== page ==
Jeff Van Gundy had a front row seat to Michael Jordan’s brilliance.
Since the 1989-90 season, Van Gundy has been a fixture in the NBA. He spent 11 years as a head coach and is now part of ABC’s lead broadcast team with Mike Breen and Mark Jackson. And his coaching career will forever be connected to Jordan, who constantly stood in the way of Van Gundy’s Knicks.
Van Gundy’s first win as a head coach came against Jordan’s Bulls during the famed 1995-96 season when Chicago set a then-record of 72 wins. His Knicks also defeated Chicago in the final game of the ’96–’97 season, preventing the Bulls from being the only team to ever post 70 wins in back-to-back years.
ESPN’s 10-part documentary The Last Dance premieres on Sunday, and Van Gundy took time to speak with Sports Illustrated about Jordan, Scottie Pippen, Dennis Rodman and Phil Jackson, sharing his vivid accounts of coaching against the men behind the Bulls’ dynasty.
Justin Barrasso: ESPN is showing two versions of the Bulls documentary–an unedited version on ESPN, replete with a vernacular that is common during games but shielded from the viewers, and another on ESPN2 with some of the more adult language edited out. In order to receive the full Michael Jordan experience, don’t you need to watch the unedited version?
Jeff Van Gundy: I think the essence of Jordan is the same with or without the inflammatory vocabulary that may be in there. Every family is going to have to make that decision for themselves, and you would like to see kids be able to understand what a great competitor and player he was. I think either way is fine. I didn’t know they were doing that, that’s terrific.
Barrasso: You started on the Knicks staff in the ’89-’90 season, so you witnessed Jordan’s ascent from scoring champion to Finals MVP. That ’90 season also stands out because you were a part of the staff on a Knicks team that knocked out Larry Bird and the Celtics in a first-round, five-game series, winning the finale at Boston Garden.
Van Gundy: That was my first year in the NBA, and it’s one of the great road wins, to me, in playoff history. To win a deciding game on the road in Boston Garden against Bird, [Robert] Parish, [Kevin] McHale, [Dennis Johnson] and Reggie Lewis.
Barrasso: My father brought me to the Garden for that game, and we were both devastated when Maurice Cheeks dismantled the Celtics.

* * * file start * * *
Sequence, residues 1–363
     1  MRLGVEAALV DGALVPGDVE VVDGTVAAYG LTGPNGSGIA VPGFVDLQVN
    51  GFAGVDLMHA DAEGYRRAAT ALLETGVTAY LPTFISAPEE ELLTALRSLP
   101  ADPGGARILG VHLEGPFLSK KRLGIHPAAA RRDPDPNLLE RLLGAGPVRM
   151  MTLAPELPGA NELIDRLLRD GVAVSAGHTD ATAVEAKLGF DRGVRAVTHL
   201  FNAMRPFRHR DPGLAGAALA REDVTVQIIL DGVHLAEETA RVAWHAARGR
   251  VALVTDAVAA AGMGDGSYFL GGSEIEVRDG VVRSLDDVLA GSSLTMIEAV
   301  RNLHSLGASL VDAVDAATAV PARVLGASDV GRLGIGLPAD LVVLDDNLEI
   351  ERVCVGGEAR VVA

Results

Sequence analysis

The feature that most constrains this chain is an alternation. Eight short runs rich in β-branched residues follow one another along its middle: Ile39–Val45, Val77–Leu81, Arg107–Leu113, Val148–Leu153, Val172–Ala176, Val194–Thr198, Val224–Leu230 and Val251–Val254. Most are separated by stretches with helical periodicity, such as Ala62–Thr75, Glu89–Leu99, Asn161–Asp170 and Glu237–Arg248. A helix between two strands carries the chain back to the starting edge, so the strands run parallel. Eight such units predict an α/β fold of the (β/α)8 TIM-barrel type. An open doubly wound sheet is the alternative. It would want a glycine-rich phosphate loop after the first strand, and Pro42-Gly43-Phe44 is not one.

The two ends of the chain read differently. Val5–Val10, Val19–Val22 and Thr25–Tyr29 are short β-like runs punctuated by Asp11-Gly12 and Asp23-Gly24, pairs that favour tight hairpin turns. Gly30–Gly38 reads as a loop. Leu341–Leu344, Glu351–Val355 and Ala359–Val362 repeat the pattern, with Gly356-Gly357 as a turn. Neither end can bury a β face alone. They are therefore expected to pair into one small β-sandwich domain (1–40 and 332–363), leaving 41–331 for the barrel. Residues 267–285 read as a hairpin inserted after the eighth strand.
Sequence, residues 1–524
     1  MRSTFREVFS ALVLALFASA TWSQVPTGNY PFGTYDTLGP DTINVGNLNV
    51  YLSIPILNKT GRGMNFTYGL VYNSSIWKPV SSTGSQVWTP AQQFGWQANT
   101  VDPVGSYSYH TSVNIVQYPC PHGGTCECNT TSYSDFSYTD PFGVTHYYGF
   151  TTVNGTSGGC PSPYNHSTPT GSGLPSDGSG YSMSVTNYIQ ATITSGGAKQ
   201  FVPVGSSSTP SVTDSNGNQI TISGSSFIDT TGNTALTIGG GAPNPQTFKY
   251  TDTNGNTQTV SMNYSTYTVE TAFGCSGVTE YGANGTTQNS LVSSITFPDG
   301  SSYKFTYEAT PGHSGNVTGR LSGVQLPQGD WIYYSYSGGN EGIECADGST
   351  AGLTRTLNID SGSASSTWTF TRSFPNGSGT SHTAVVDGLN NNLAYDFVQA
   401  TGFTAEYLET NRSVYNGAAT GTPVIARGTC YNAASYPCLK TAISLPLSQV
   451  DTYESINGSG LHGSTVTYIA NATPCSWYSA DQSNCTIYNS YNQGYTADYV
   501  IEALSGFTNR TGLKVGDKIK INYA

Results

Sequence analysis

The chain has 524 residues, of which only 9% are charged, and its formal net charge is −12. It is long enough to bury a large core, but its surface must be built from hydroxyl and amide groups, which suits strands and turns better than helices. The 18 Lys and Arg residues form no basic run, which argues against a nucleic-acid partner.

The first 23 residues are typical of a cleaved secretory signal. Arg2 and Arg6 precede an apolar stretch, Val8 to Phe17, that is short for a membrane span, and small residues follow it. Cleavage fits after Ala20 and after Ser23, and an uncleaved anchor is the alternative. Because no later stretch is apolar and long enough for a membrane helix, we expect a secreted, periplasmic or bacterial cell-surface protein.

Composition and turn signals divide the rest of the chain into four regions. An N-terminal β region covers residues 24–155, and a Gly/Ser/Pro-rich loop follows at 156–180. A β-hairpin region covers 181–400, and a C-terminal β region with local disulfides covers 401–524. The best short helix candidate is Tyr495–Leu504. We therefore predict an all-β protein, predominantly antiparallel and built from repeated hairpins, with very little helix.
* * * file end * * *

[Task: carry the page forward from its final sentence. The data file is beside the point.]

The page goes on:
Van Gundy: Maurice Cheeks played all 48 minutes that game in his mid-30s. Patrick Ewing, [Charles] Oakley, those guys played a phenomenal game.
Barrasso: I know we’re supposed to be discussing Michael Jordan and the Bulls, and we’ll get there, but the Celtics beat the Knicks in the first two games, and simply destroyed you in Game Two, 157-128.
Van Gundy: Think about that. We scored 128 and lost by 30. Come on, man.
Barrasso: Your first year as a head coach was ’95-’96, the year the Bulls won 72 games and their fourth title.
You replaced Don Nelson as head coach for the final 23 games of the season. You lost to Philadelphia in your debut, but your first win came two nights later at Madison Square Garden against the Bulls. That was a commanding 32-point win against a team that had won 54 of its first 60 games. Do any particular memories still resonate about that night?
Van Gundy: As you said, we lost to an awful Philadelphia team on the road in my first game, and then I think we were playing the third game of those NBC tripleheaders on Sunday, I think at 5:30. We jumped out to a big lead, then they came back and got the lead. And again, you win in the NBA with great players. It’s hard to imagine how good Ewing was in his prime. He was just an amazing competitor and player. Derek Harper was phenomenal that night. And we made a bunch of threes—Harper made a bunch, and [John] Starks and Charlie Ward made a couple—the three-point shot, even then, was a big equalizer.
The Bulls obviously were dominant that year, they won 72, but that night, when we got it rolling in the second half from the three-point, we were able to beat a great, great team.
Barrasso: If only it were always that easy.
Van Gundy: You know what it is? That is the difference between the NBA and college basketball: trying to win a series. That’s why you see so very few upsets in the NBA playoffs. In the NFL, you’ll see upsets. It’s one game. In the NBA, you’re not going to see as many upsets. You can win one, two, three, but it’s tough to get that fourth game.